Professor Colman McCarthy, the Founder and Director of the Center for Teaching Peace in Washington, D.C. once commented that, “The most revolutionary thing anybody can do is to raise good, honest and generous children who will question the answers of people who say the answer is violence.”
I was reminded of his words a few weeks back. I was sitting in my dining room, talking to my friend Jeremy and his family about my work at the Coalition to Stop Gun Violence. We were discussing the gun lobby’s current campaign to allow individuals to carry loaded handguns in public spaces across America—churches, parks, schools, government buildings, child day care centers, metro transportation, airports, etc.—when Jeremy’s nine year-old son Colin piped in.
“There are people who think you can prevent violence with guns?” he asked.
“That’s right,” we told him.
“Cuckoo,” Colin replied, tracing rings around his ear with his finger.
I was pleasantly surprised. It’s not that Colin isn’t a great kid; he is. But he’s been obsessed with guns since he was a baby. I distinctly remember a boy of two—denied toy guns by his parents—running around with a vacuum cleaner tube and “shooting” everything around him. Now, a few years later, he’s graduated to air guns, water guns and violent video games like Commando 2. This fascination with firearms that boys seemingly acquire upon exiting the womb is both awe-inspiring and disturbing.
So how does this young boy, who delights in shooting his guests with his Nerf N-Strike Maverick Blaster rifle, have the maturity to grasp the enormous danger that real guns represent to our society? Why is he is able to embrace the thrill of violence in fantasy while rejecting it completely in reality?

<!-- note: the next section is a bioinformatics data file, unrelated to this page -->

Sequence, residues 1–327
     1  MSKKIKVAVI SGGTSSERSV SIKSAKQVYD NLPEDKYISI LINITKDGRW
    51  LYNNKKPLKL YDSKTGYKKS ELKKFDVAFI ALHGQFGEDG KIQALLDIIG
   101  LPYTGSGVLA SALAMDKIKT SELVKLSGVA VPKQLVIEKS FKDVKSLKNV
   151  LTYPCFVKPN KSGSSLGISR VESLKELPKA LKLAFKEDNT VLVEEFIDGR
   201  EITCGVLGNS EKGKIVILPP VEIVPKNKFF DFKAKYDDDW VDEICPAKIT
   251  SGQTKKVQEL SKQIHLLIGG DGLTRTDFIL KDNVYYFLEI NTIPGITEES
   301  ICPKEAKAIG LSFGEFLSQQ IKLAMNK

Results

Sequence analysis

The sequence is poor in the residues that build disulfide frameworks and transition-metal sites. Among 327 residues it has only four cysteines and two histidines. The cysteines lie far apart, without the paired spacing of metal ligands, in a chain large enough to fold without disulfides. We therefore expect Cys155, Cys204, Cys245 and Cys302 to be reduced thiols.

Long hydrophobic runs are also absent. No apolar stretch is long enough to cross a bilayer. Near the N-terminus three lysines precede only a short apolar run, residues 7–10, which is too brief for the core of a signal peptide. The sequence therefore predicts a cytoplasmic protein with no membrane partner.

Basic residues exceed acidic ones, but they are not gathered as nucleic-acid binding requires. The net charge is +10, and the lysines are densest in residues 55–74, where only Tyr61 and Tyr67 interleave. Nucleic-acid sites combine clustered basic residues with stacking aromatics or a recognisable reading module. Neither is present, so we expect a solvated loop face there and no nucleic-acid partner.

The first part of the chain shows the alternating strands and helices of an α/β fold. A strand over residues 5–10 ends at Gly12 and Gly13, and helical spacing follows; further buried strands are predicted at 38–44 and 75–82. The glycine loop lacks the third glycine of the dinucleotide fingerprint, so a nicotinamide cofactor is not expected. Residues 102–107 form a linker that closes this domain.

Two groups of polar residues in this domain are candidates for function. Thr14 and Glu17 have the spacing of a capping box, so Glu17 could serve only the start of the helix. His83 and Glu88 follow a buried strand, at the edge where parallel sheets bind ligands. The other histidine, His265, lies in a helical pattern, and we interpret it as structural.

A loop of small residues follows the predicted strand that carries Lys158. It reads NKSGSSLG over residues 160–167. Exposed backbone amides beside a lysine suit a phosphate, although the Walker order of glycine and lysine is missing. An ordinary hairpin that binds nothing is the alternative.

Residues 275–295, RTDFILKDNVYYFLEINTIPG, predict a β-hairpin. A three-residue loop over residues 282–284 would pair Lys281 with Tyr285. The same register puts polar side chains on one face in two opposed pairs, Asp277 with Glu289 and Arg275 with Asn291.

Professor McCarthy says, “Peace is the result of love,” but cautions, “If love was easy, we’d all be good at it.” He also warns, “If we don’t teach [our children] peace, someone else will teach them violence.”
I must have had my own good influences because, like Colin, I grew up with a gun obsession. One of my prized possessions as a boy was a plastic M-60 rifle, complete with unfolding tripod. My friends and I loved to get our toy guns out and play “war” around our elementary school. I was also in the first generation of video gamers, and played all the shooters: Postal, Castle Wolfenstein, Doom, Duke Nukem, Quake, Soldier of Fortune, you name it. And movies? Die Hard, Predator, Assault on Precinct 13—I loved all that stuff.
Yet I never had the desire to own any real firearms, or mimic the “protagonists” of these games/movies in real life. I was a big fan of Marvel Comics growing up and it always struck me that Captain America never carried a gun—the bad guys he brought to justice did. Today, as a husband and father, I have become a passionate advocate for nonviolence.
Professor McCarthy’s dream is to add comprehensive peace studies programs to the curriculum at the nation’s K-12 schools and colleges. “Every member of Congress was in first grade someplace,” he says. “Maybe if we taught them a little bit about Gandhi, Martin Luther King, the first day, we wouldn’t be in the mess we’re in.”
That’s a goal that’s worth working for, but until it is realized, we should all endeavor to learn from kids like Colin.
As Mother Theresa once said, “So often people say that we should look to the elderly, learn from their wisdom, their many years. I disagree. I say we should look to the young: untarnished, without stereotypes implanted in their minds, no poison, no hatred in their hearts. When we learn to see life through the eyes of a child, that is when we become truly wise.”
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